“The whole time Coach Bryant was cultivating Birmingham, Auburn was trying to pull out,” Housel says. “So you’ve got one tenant saying how much they love you and playing their biggest games there, and the other one is trying to get out and go home.”
That the game is still called the Iron Bowl irks Allen Barra, a Birmingham native and author of “The Last Coach: A Life of Paul ‘Bear’ Bryant.”
“It’s not the Iron Bowl anymore,” Barra says. “They called it the Iron Bowl, let’s remember, because it was in Birmingham.”
Getting ready for a rumble
The stadium’s steel-town scruffiness was part of its charm, and for a hard-core sports fan, going to a game at Legion Field was an experience not unlike what it must have felt like going to the Bronx to visit the original Yankee Stadium, or seeing the Celtics play at the old Boston Garden.
On game days, neighborhood residents turned their lawns into parking lots, and backyard cooks hawked hot dogs and ribs they grilled on their steel-drum smokers.
Across Graymont Avenue, the crowds trying to squeeze into the Tide & Tiger bar or the Touchdown Café often spilled out the front doors and onto the sidewalk.
“I liked that bare-knuckles feeling of going to a game at Legion Field,” says Tom Cosby, a former Birmingham Regional Chamber of Commerce executive who lobbied mightily to keep the Iron Bowl here.
“When you went to Legion Field, from the minute you drove into the area and the first guy jumped on the hood of your car with a towel in his hand trying to wave you to park in his front yard, you knew you were in for a rumble. It was going to be a clash of the gladiators, a clash of the titans.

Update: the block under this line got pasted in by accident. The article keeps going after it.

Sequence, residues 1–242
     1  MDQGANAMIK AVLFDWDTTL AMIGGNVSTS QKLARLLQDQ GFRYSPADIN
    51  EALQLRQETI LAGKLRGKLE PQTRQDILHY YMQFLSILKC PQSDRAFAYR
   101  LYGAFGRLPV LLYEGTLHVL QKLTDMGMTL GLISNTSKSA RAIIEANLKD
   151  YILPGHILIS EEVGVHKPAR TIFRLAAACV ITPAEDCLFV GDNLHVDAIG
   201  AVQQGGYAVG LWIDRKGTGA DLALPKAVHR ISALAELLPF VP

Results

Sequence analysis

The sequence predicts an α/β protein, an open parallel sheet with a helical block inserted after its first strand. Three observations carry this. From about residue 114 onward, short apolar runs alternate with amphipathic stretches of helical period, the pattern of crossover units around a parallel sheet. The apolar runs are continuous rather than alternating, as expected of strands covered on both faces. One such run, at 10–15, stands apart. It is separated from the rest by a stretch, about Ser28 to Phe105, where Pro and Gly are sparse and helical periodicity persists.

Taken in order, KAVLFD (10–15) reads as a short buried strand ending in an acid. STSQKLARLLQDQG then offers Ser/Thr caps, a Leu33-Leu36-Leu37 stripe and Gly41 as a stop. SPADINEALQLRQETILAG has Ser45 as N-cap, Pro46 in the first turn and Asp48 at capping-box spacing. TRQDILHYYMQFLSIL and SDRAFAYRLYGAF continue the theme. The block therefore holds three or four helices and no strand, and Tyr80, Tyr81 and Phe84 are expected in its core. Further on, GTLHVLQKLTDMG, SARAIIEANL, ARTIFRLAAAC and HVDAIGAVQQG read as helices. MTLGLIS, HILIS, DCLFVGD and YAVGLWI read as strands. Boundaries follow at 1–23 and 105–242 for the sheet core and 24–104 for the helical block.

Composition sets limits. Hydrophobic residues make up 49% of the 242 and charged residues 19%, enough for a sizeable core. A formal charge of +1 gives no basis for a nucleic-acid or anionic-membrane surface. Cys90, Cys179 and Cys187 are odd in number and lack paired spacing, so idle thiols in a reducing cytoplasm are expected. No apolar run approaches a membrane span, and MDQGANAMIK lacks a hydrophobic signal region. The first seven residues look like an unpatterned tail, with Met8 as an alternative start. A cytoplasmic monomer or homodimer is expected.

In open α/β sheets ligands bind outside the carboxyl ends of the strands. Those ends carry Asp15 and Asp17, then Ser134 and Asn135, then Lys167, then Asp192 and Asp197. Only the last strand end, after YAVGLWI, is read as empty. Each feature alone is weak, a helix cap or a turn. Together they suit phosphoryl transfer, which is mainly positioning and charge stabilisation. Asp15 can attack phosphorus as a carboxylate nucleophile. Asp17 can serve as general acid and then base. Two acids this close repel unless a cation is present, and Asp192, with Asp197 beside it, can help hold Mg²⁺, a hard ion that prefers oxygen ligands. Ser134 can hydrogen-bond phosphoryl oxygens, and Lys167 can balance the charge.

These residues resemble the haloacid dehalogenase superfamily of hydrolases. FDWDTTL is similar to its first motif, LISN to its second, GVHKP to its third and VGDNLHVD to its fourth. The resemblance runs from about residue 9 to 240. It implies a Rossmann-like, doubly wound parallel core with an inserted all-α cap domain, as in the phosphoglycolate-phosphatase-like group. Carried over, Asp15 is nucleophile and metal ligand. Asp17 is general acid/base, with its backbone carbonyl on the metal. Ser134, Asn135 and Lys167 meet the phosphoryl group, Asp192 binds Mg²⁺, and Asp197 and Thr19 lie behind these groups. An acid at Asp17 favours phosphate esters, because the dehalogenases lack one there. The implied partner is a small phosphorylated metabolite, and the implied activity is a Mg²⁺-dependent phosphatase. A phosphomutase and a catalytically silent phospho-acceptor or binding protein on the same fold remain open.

“You knew it was Birmingham,” Cosby adds. “It was the Iron Bowl. It was going to be a fight, and to me, that was what was great about going to Legion Field.”
From the Stallions to the Stones
Over the years, Legion Field also became the graveyard for an alphabet soup of short-lived, second-tier professional football leagues and teams — from the WFL’s Americans and the USFL’s Stallions to the WLAF’s Fire and the XFL’s Thunderbolts – that came and quickly went.
The first of those leagues, the WFL, brought Birmingham its only championship, when the Americans defeated the Florida Blazers 22-21 at Legion Field in the first and only World Bowl.
After the game, sheriff’s deputies seized the Americans’ uniforms and equipment because the financially strapped team still owed supplier Hibbett Sporting Goods nearly $40,000. Fifteen games into the next season, the WFL folded.
Football, though, wasn’t the only draw.
The Rolling Stones played Legion Field on three separate occasions – the first of which was at an old WVOK “Shower of Stars” concert with the Beach Boys and the Righteous Brothers in 1965.